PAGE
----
A controversial national security expert says he is not a formal adviser to President-elect Donald TrumpDonald TrumpPoll: 73 percent want independent Russia probe Trump’s first 100 days anything but presidential Going green — why environmental protection is both a business and legislative concern MORE.
“An unattributed quote appeared in the press yesterday indicating that I had been appointed to the Trump transition team,” Frank Gaffney told Politico in a statement Wednesday.
"I look forward to helping the president-elect and national security-minded team he is assembling in whatever way I can.”
Reports emerged Tuesday Gaffney was providing his national security expertise to Trump’s team.
The New York Times and The Wall Street Journal each reported Gaffney’s role, though neither asserted he was formally appointed.
Gaffney, who served in the Pentagon under former President Ronald Reagan, has since become infamous for his remarks concerning Islam.
The Southern Poverty Law Center, which tracks hate groups, describes him as “one of America’s most notorious Islamophobes.”
Gaffney has purportedly advanced the theory, for example, that President Obama is Muslim and foreign-born. The former Reagan administration official has also accused the Muslim Brotherhood of infiltrating the government.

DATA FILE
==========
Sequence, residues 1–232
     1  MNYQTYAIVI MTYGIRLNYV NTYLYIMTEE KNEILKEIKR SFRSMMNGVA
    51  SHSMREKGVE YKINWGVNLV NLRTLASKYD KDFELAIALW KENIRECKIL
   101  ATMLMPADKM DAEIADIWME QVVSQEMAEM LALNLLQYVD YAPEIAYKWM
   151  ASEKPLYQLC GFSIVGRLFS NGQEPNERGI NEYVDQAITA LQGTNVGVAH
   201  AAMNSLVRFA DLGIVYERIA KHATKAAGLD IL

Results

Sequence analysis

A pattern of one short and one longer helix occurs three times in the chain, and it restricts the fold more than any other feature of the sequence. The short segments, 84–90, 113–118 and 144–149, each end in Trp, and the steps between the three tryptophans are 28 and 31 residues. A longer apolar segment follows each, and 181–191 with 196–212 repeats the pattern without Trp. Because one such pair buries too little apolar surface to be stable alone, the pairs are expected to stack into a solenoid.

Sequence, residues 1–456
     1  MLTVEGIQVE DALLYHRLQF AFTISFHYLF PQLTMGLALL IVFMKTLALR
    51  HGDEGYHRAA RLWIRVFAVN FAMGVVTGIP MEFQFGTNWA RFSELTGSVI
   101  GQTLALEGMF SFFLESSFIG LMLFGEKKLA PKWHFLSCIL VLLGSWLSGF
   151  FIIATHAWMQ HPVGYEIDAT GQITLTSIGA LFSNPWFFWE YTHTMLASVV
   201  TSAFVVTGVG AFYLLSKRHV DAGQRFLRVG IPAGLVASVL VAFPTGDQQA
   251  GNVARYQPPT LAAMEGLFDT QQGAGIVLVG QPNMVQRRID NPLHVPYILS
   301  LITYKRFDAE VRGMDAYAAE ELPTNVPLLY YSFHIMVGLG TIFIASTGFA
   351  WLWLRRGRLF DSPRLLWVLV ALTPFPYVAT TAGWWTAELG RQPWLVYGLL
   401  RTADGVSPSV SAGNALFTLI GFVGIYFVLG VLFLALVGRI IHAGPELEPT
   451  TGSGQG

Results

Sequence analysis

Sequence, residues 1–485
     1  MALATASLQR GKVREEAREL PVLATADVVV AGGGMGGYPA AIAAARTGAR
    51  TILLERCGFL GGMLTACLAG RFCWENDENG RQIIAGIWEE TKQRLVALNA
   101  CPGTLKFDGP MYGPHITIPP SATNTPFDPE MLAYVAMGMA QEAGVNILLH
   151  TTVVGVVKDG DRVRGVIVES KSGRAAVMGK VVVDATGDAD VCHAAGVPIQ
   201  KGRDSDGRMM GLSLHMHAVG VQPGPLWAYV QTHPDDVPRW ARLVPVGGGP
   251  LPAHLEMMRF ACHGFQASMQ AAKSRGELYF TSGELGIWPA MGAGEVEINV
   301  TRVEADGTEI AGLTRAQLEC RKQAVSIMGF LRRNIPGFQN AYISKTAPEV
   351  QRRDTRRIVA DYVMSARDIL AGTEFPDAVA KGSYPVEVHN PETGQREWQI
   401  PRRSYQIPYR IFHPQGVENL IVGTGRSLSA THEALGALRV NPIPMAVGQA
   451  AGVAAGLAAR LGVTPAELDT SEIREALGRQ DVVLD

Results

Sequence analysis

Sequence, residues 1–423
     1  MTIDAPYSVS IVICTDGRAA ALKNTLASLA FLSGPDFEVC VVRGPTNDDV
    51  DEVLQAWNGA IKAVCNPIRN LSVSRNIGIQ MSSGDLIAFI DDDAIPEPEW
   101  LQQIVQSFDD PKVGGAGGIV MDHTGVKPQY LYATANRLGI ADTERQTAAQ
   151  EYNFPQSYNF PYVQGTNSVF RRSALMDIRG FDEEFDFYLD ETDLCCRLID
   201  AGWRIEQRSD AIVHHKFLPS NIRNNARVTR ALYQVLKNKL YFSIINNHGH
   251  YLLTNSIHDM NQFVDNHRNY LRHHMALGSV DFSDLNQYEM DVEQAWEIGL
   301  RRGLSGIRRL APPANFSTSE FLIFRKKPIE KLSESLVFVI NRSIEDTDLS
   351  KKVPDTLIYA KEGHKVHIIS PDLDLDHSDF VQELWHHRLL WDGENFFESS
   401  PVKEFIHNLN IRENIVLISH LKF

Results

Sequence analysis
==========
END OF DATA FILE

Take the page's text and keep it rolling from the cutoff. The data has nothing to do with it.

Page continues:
Trump spokesman Jason Miller disputed reports Gaffney is officially involved with the transition team during an interview with MSNBC.
“No,” said Miller, the Trump transition team’s communications director, when asked if Gaffney was advising it “in any way.”
“I know he’s a nice guy but he’s not part of the transition team,” he added before refusing comment on whether Gaffney and Trump had met recently.
America’s largest Muslim advocacy organization, meanwhile, urged Trump to cut ties with Gaffney earlier Wednesday.
“Discredited conspiracy theorists like Frank Gaffney should not come within 100 miles of any administration that seeks to maintain credibility on the world stage or uphold longstanding American values of religious diversity and inclusion,” Nihad Awad, executive director of the Council on American-Islamic Relations (CAIR), said in a statement.